For instance, starting next quarter, I'm going to be the editor of the Forsyth County Humane Society newsletter. I love me some animals, but I'm not in a position to foster or adopt any
The other day I got a call from a friend who we went to church with when Noah was a youth minister. Her kids' school is having a literature contest (poems and stories on the theme "Beauty is...") and she wanted to know if I'd be the judge.
I'll go ahead and admit that one of my main character flaws is liking the idea of sitting in judgment of others when in reality I HATE judging (unless I'm the one being judged, and I'm winning), a fact I always forget while I'm basking in the warmth of flattery. I mean, I don't even like watching the end of dog shows, because I can't stand that only one dog can win, and it's usually the standard poodle.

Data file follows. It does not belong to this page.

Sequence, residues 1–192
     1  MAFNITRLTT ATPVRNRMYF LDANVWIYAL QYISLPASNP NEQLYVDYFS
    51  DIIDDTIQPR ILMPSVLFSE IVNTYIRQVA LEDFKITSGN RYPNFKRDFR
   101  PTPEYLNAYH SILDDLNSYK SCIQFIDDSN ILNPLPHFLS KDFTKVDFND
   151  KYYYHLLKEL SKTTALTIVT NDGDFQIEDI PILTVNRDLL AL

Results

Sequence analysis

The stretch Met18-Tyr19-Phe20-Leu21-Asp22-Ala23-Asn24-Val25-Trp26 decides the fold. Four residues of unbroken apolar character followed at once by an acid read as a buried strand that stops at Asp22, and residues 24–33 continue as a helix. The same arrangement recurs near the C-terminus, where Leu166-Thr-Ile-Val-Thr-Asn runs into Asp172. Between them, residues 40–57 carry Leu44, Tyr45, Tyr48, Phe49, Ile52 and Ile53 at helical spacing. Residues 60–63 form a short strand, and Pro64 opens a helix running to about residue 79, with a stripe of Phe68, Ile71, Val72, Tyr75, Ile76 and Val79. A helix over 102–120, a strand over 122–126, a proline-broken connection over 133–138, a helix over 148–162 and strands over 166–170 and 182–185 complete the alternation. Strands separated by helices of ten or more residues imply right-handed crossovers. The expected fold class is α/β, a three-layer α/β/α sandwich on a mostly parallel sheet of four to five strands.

So why on earth did I agree to judge this elementary-school literature contest when deep down I knew that I'd feel responsible for crushing the creative dreams of those poor children who don't receive first, second, third or honorable mention?
Now watch as I equate this literature contest to a dog show: In both situations, I feel like a cruel puppet master, because the dogs and the children think they're just having fun, but in reality they're being scrutinized. "Fluffy, I know you skipped the tunnel because you like the balance beam better, but that makes you dumb and YOU LOSE."
My solution to this moral dilemma is to put this off as long as possible. Because Noah refused to do it for me.